ABSTRACT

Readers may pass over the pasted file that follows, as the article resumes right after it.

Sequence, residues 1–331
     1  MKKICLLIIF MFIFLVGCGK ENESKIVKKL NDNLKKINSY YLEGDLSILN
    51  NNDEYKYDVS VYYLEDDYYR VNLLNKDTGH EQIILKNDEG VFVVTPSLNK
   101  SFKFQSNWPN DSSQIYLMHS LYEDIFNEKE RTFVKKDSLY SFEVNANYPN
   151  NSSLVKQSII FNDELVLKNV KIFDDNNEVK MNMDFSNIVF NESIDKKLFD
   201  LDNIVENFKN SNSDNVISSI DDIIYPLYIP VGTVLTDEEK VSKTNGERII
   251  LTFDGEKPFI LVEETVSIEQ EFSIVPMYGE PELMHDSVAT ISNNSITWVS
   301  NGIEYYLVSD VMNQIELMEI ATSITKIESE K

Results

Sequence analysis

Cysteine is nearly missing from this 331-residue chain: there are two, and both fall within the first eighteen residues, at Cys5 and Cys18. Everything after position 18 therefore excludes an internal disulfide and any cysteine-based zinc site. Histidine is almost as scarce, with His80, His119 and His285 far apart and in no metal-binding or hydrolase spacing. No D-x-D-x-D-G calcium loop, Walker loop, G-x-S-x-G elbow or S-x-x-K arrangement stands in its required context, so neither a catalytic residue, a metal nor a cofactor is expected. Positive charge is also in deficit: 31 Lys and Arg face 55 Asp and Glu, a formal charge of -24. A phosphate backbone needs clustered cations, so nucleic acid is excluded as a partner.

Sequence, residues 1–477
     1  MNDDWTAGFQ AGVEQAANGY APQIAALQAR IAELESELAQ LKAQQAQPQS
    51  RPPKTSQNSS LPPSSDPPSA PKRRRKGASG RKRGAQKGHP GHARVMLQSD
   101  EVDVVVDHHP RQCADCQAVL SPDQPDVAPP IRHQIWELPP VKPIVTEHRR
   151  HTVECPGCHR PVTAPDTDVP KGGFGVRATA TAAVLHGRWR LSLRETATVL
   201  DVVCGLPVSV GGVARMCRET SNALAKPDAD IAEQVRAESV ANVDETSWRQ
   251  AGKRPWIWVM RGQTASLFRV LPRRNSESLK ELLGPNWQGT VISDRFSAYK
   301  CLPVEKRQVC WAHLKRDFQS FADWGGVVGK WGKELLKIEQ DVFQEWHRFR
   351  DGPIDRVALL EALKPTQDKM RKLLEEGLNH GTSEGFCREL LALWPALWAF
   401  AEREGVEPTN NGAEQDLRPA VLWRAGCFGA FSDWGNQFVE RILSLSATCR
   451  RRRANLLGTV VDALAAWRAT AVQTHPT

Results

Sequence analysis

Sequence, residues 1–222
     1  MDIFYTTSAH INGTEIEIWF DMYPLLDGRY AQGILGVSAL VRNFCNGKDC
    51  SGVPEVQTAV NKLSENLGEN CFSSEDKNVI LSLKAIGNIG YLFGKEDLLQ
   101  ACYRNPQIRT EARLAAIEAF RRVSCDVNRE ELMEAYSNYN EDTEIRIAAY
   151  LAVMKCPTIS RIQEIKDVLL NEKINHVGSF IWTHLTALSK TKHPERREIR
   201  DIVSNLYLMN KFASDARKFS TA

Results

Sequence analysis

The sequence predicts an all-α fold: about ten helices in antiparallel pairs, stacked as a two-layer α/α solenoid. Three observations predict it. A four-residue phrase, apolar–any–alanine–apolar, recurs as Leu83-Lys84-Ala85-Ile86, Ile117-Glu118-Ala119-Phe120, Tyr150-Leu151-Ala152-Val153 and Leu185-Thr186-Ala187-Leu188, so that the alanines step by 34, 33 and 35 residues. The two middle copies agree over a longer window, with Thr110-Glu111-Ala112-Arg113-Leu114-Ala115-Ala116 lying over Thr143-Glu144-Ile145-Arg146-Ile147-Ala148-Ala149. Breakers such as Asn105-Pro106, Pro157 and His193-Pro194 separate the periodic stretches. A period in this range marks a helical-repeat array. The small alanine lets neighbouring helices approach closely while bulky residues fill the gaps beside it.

Attention-deficitlhyperactivity disorder (ADHD) is one of the most common childhood disorders referred to mental health professionals. ADHD, a complex neurodevelopmental disorder, is seen in approximately 3-7% of school-aged children, with higher rates found among boys than girls (6: 1 in clinical settings, 3: 1 in community settings) in the United States (e.g., Barkley, 1998; Pastor & Reuben, 2002). In a review of estimates over a four-year period, Rowland, Leswesne, and Abramowitz (2002) found that prevalence rates varied substantially, based on presenting symptoms, assessment approaches used, and setting in which the child was evaluated. Furthermore, lack of consensus on what constitutes a core set of symptomology for ADHD children complicates the screening and assessment process (e.g., Brown et aI., 2001; Elia, Ambrosini, & Rapoport, 1999). Researchers contend that a coherent set of symptoms and causal factors does not exist, and this disorder represents a heterogeneous group of separate disorders (Neul, Applegate, & Drabman, 2003). For example, Goodman and Poillion (1992) identified 69 separate characteristics of ADHD, with 38 associated causes.